Language Experience

  • Thursday, March 28, 2019
  • Sally Hill

Language experience is a great way to promote reading, writing, and vocabulary in our students. It involves students experiencing hands-on activity where topic vocabulary is used by the teacher to help define the new or build on the experience. Teachers assist students to use this vocabulary throughout the experience.

Once the experience has been completed teachers ask students to assist them with brainstorming the new vocabulary. Using the new vocabulary the class generates a sentence or two about the experience. Students themselves then have a go at either writing their own sentence using the vocabulary brainstormed or if they are in the early stages of writing they can copy the class co-constructed sentence. To add understanding to their sentence students then draw a picture to match the sentence.

Teachers utilise these sentences across the week. They may break the sentence into parts and ask students to put the sentence in order, developing their knowledge of sentence structure and reading. They may pick words out of the sentence to work with students to learn how to spell, reiterate what the meaning of the word is. This experience benefits the majority of students and can be altered to suit higher year levels. It gives students a supportive structure to experiment with their writing skills producing fantastic results, no matter their entry level.


Hats and why they are important

  • Thursday, March 28, 2019
  • Sally Hill

Unfortunately, at our recent assembly, we noticed a number of students not wearing their hats. In Australia, temperatures soar at the most unpredictable times and even when it's not that hot ultraviolet rays from the say can harm our skin. The sun's rays can cause harm to our skin, educating our children about the importance of slip, slop, slide, and slapping is vital to their adult life. One way we can do this at school is; to support the College policy of wearing hats in both term 1 and term 4 when the sun’s rays are at its strongest. Talking to your child about why hats are so important and the potential impacts of what can happen if hats are not worn when out in the sun.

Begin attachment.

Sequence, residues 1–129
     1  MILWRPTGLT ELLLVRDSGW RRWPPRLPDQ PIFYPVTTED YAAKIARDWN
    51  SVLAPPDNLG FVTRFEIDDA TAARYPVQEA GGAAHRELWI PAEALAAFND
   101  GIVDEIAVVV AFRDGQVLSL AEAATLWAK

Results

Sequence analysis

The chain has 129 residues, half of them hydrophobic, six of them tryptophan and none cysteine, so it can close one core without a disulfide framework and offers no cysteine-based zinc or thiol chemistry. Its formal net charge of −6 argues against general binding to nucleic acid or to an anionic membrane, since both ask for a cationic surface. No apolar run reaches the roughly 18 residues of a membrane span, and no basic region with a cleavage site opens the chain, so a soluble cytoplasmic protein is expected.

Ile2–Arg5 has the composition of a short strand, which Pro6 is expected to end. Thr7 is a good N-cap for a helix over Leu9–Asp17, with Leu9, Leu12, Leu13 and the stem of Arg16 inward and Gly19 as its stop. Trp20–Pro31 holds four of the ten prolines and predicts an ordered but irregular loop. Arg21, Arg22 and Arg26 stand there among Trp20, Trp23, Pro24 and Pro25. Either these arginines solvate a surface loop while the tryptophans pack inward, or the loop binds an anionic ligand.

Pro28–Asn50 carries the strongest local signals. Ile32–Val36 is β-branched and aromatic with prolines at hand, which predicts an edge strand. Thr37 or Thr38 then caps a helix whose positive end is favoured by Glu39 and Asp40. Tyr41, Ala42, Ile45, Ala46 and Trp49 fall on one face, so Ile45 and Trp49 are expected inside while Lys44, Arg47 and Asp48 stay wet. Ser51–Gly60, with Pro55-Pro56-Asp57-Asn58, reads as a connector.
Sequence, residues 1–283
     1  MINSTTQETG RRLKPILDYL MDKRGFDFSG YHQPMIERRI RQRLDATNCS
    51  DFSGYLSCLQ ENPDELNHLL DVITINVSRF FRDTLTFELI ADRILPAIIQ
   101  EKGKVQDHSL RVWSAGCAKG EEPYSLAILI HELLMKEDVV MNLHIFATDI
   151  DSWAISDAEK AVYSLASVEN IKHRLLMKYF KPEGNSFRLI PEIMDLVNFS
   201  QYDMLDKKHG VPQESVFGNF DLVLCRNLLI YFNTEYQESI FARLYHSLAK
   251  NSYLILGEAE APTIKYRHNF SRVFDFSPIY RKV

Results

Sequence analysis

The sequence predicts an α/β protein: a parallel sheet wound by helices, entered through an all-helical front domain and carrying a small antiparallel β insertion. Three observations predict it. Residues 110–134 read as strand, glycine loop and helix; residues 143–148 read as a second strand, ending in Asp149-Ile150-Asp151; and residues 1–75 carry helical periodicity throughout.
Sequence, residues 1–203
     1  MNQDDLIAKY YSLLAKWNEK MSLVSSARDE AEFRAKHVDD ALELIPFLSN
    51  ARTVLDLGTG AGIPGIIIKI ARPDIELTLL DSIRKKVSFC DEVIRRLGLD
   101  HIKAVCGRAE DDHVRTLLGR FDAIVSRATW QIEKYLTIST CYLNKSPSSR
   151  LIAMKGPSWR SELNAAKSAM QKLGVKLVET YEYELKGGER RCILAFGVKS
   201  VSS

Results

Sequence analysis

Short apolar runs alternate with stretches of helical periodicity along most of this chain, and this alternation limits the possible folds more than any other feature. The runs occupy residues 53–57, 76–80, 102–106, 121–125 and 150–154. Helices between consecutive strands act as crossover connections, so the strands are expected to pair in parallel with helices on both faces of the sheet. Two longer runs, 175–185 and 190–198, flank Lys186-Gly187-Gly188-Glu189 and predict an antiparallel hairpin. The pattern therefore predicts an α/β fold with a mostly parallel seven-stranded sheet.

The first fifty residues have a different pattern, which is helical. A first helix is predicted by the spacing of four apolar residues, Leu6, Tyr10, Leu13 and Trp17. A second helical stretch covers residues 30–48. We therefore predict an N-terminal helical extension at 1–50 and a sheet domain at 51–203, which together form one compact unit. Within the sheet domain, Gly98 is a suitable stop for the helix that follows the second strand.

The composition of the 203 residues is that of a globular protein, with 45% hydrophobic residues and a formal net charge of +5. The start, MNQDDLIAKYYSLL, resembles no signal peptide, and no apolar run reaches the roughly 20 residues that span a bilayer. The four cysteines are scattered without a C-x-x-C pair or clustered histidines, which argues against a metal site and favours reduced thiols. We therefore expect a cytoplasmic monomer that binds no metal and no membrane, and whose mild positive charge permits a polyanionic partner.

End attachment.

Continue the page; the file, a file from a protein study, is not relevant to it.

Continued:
One of our College expected behaviours is ‘We are safe' wearing hats is a part of being safe. Another College expected behaviour is ‘We are responsible' taking care of ourselves is a part of being responsible, these two expected behaviours go hand in hand in ensuring that our children learn how to keep themselves safe from the sun's harmful rays. 

Please support us in encouraging our children to follow our expected behaviours by having conversations at home about wearing hats, drinking water and keeping out of the sun on days of extreme heat. 

Kind Regards,

Lizzie Tout

Assistant Principal P-6